Structural inequality: Systemic disadvantage(s) of one social group compared to other groups, rooted and perpetuated through discriminatory practices (conscious or unconscious) that are reinforced through institutions, ideologies, representations, policies/laws and practices. When this kind of inequality is related to racial/ethnic discrimination, it is referred to as systemic or structural racism.
System of Oppression: Conscious and unconscious, non-random and organized harassment, discrimination, exploitation, discrimination, prejudice and other forms of unequal treatment that impact different groups. Sometimes is used to refer to systemic racism.
Tokenism: Performative presence without meaningful participation. For example, a superficial invitation for the participation of members of a certain socially oppressed group, who are expected to speak for the whole group without giving this person a real opportunity to speak for her/himself.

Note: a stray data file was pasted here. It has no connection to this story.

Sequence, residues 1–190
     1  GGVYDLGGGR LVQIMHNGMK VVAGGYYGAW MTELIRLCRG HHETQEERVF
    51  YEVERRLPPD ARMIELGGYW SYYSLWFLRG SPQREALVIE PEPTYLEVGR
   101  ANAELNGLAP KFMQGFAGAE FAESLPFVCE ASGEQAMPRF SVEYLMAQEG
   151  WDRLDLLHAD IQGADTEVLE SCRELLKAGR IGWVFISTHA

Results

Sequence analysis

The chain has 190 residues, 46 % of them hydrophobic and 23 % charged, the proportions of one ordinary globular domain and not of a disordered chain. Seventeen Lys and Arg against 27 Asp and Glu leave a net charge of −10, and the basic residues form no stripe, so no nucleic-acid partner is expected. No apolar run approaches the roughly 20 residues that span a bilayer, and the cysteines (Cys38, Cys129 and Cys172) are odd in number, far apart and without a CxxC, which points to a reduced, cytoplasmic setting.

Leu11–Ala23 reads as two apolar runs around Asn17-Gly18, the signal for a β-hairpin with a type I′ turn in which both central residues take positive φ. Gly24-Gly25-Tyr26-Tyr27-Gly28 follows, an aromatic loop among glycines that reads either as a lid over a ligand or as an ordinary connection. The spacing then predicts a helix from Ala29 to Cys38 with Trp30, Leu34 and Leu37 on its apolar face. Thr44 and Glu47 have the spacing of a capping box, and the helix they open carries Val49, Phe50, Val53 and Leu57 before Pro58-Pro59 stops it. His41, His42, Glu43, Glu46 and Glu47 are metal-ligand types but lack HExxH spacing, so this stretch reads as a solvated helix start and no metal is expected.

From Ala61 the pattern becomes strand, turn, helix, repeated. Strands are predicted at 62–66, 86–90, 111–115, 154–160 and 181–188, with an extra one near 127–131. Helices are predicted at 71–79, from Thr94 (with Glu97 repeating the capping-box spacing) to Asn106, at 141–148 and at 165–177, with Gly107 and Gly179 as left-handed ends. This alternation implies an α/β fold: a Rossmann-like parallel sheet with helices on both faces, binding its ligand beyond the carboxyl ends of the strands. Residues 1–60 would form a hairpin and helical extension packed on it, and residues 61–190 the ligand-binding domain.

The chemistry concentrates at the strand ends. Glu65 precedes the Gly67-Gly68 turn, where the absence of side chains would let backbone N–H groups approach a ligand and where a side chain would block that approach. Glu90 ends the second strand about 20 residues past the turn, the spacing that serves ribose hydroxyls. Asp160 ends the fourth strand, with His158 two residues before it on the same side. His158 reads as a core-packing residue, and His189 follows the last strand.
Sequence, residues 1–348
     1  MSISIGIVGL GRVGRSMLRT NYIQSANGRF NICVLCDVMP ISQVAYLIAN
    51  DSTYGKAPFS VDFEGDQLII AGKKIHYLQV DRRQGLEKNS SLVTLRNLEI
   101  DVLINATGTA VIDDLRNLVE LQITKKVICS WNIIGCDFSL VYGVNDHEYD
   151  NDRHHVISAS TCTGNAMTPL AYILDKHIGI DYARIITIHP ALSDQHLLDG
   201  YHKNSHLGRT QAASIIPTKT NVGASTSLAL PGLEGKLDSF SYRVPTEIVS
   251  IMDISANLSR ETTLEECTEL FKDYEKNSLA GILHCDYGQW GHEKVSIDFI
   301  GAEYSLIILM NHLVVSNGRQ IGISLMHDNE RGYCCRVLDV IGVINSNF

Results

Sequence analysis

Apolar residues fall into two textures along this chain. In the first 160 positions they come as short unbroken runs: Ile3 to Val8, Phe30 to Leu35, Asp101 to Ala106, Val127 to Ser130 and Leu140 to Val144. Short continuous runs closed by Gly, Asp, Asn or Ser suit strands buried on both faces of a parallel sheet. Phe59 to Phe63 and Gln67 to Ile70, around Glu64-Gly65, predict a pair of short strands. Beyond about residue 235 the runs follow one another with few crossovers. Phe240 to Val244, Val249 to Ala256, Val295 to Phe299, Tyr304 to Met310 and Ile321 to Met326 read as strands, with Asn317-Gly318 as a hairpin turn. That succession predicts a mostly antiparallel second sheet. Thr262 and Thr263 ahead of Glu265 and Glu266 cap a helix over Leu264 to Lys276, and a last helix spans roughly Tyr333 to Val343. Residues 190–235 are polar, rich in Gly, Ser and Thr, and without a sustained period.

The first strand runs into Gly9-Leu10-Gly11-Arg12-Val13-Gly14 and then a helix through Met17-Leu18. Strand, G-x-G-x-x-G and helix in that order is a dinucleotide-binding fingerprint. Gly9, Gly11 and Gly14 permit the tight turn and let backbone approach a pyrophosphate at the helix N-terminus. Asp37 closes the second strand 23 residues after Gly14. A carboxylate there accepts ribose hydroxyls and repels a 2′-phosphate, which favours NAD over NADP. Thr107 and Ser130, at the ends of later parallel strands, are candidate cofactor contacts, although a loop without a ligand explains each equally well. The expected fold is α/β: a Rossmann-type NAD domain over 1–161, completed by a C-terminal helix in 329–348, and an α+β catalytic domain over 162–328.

Tone policing: Tone policing is a silencing tactic used in arguments or discussions that focuses on the emotion behind a message rather than the message itself. (for example, telling someone who is discussing an issue that makes them upset to “calm down” instead of responding to their concerns).
White Supremacy: A power system structured and maintained by persons who classify themselves as White, whether consciously or subconsciously determined; and who feel superior to those of other racial/ethnic identities.
The terms contained in this glossary have been reproduced from the following resources:
- Anti-Violence Project. Glossary. University of Victoria.
- Buffer. (2028). An Incomplete guide to inclusive language for startups and techs.
- Center for Diversity & Inclusion. Glossary of Bias Terms. Washington University in St. Louis.
- Colors of Resistance. Definitions for the Revolution.
- Cram, R. H. (2002). Teaching for diversity and social justice: A sourcebook.
- Equity and Inclusion. Glossary. UC Davis.
- Ontario Human Rights Commission. Glossary of human rights terms.
- Potapchuk, M., Leiderman, S., et al. (2009). Glossary. Center for Assessment and Policy Development.
- The Avarna Group. Diversity, Equity, & Inclusion (DEI) Vocab.
- Wisconsin Technical College System. (2018). System-wide Equity Report.